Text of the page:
The Congregation has communicated that the canonical erection of the Ordinariate will take place on January 1, 2012, the Solemnity of Mary, Mother of God. At that time, I assume that an Ordinary will be named and the Ordinariate will begin its work.

What lies ahead of both the Ordinariate and all of us who will be working with the new Ordinary includes a number of steps.

For those Anglican congregations who wish to become a part of the Ordinariate, there is a program of catechesis prepared by your ad hoc Committee for the Implementation of Anglicanorum coetibus and approved by the Holy See. This program will be made available through the Ordinariate once it is functioning. Our Conference’s United States Catholic Catechism for Adults is designated as the catechetical tool for the review of the faith by those who wish to be received into full communion in the Catholic Church. You may also recall that I asked during the presentation last June if, in an effort to assist this catechetical component, you might be willing to have diocesan or parish catechists be engaged with the Anglican congregation in its catechetical formation during this transition.

As for those seeking ordination as a Catholic priest, the program of priestly formation for them, approved by the Congregation, is based at Saint Mary’s Seminary in Houston and is available either on campus or through the University’s distance learning program.

Again, I want to thank His Eminence Cardinal Daniel DiNardo, Archbishop of Galveston-Houston, for his generosity, wise counsel and support in helping to move forward this formation program. Your Eminence, I am also grateful to the Rector of your seminary and its staff for their collaboration.

In a particular way, I want to thank Father Jeffrey Steenson, a Pastoral Provision priest who was formerly the Episcopal Bishop of Rio Grande, for his assistance in the preparation of the program of priestly formation for those Anglican clerics seeking ordination as a Catholic priest. I also want to recognize Father Scott Hurd, a Pastoral Provision priest of the Archdiocese of Washington, who functions as staff to our Committee. The Committee is deeply grateful to both priests.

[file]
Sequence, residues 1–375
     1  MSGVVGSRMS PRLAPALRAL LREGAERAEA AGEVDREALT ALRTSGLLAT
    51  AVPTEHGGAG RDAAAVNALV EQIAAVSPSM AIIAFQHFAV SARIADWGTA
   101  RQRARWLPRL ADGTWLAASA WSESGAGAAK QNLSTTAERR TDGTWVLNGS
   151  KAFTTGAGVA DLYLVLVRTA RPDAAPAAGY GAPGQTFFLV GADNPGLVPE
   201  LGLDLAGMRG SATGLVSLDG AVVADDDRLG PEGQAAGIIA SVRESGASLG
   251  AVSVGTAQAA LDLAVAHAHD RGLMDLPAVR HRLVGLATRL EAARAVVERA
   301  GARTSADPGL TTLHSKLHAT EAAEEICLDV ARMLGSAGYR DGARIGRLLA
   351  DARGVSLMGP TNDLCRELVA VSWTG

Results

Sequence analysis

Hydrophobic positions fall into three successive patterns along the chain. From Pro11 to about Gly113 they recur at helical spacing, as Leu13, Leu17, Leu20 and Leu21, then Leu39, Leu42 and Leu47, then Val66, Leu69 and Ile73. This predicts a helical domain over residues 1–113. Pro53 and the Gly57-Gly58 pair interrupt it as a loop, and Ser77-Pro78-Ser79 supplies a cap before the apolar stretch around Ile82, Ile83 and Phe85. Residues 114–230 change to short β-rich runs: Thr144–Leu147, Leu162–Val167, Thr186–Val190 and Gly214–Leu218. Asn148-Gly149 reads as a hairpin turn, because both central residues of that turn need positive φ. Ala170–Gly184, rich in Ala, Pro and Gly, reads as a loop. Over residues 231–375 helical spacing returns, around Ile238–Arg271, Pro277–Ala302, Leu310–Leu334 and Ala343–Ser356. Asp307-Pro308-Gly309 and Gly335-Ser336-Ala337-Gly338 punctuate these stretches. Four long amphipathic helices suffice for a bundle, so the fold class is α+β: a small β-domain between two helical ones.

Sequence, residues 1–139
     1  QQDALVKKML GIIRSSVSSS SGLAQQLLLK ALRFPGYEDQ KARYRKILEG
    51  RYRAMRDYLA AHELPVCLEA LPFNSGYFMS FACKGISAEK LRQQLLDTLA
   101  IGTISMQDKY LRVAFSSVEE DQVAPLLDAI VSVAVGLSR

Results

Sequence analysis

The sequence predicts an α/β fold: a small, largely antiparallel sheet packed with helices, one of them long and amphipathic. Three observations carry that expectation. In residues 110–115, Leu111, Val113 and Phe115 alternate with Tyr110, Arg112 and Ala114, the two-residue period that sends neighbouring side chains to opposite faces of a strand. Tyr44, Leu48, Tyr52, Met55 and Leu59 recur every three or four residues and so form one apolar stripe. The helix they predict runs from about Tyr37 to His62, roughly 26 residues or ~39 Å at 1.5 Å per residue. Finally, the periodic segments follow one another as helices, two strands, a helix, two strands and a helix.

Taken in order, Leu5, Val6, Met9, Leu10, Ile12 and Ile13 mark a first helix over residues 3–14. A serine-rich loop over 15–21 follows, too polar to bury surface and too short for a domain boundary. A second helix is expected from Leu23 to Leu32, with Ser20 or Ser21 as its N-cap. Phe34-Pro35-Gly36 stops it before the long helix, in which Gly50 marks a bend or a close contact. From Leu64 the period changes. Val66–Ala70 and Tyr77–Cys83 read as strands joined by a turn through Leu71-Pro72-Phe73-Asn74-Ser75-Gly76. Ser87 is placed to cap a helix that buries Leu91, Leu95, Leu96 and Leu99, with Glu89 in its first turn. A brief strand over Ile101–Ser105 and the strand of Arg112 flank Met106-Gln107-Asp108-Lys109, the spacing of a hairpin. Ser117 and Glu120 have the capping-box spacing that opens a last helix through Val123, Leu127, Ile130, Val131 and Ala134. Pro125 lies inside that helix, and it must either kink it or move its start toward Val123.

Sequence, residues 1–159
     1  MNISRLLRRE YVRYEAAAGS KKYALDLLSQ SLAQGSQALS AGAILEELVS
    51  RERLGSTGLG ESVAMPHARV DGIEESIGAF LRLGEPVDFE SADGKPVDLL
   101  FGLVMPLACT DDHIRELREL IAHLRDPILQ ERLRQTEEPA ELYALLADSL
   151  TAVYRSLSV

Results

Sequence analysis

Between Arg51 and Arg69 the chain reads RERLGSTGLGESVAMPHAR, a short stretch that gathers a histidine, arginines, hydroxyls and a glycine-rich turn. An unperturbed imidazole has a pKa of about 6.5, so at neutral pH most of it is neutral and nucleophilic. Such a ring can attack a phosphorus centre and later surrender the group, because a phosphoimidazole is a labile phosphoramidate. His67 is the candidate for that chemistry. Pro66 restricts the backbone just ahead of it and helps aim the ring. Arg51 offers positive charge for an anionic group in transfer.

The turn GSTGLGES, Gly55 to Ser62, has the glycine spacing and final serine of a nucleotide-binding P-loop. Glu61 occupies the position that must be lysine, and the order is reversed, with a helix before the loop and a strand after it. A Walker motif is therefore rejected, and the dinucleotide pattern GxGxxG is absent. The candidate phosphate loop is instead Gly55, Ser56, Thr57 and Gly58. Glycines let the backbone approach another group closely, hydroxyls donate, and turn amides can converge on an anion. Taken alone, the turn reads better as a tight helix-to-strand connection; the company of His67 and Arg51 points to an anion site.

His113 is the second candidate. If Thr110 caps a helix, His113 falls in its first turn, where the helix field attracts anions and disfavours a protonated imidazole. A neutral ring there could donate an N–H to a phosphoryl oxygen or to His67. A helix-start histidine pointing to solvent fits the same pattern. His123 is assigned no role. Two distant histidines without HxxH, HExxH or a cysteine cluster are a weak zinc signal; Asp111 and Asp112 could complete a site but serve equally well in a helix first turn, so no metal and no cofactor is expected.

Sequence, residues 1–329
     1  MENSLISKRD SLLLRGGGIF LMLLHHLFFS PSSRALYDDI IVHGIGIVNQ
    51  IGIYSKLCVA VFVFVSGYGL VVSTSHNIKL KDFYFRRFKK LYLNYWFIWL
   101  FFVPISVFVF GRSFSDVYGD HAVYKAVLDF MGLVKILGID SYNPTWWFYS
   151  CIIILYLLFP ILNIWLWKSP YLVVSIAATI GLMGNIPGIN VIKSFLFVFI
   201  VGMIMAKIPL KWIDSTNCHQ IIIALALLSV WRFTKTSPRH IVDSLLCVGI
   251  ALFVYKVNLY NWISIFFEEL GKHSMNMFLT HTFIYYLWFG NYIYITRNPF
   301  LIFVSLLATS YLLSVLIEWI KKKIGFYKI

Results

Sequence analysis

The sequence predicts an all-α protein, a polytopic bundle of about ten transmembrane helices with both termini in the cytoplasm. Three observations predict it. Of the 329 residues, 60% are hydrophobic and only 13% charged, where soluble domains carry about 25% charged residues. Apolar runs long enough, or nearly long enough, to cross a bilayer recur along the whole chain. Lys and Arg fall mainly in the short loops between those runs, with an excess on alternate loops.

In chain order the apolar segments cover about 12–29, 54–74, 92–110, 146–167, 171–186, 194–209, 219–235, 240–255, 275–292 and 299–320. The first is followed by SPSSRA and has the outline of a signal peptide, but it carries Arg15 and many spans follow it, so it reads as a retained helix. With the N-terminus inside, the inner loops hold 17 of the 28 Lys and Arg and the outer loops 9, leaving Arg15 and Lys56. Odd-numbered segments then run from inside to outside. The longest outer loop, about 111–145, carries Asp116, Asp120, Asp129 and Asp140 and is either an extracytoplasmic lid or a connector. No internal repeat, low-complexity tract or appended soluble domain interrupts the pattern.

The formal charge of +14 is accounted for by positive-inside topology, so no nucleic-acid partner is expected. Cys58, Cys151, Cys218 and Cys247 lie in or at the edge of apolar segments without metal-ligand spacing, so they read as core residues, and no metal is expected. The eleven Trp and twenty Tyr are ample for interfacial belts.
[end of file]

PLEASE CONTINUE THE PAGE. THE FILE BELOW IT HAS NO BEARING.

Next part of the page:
At this point in the process, between now and the erection of the Ordinariate, your ad hoc Committee and Father Hurd will continue to work with all of those Anglican clergy who have received the nulla osta to move on to the second stage and to write to each of you involved, asking for your support in obtaining for the candidate the criminal background check, the psychological evaluation, and your votum. I will also ask for your kind assistance in the oversight of catechetical preparation of the communities seeking to join the Ordinariate.

Personally, and on behalf of the committee and all of those involved in the implementation of the Apostolic Constitution, I want to thank you for your keen collaboration and your gracious support of this effort.

I remain convinced that this Ordinariate will be a true expression of the Catholic Church because of your engagement in the steps leading up to the acceptance of the candidates for ordination and for your involvement in the catechetical formation of the members of the congregations seeking membership in the Ordinariate. Your involvement is one of the guarantees of the well being of the Ordinariate as it is established and begins to receive both clergy and congregations.

A number of questions have arisen, and I would like to touch briefly on them. If the Ordinary of the new Ordinariate is married, then he can be ordained a priest, but not a bishop. Thus the ordination of priests for the Ordinariate will need to be carried out by one of us. My hope and recommendation is that since the former Anglican who will now become a Catholic priest will live and serve in the diocese of one of us, even though belonging to the Ordinariate, each of us would offer respectively to ordain the new priest. There is no adaptation or change in the Ordination Rite for someone being ordained to the Anglicanorum coetibus Ordinariate.

Discussions are underway with the Military Archdiocese to ensure that those Anglican clergy who serve as chaplains to the military and who come into full communion as a part of the Ordinariate will be available for service in the Military Archdiocese.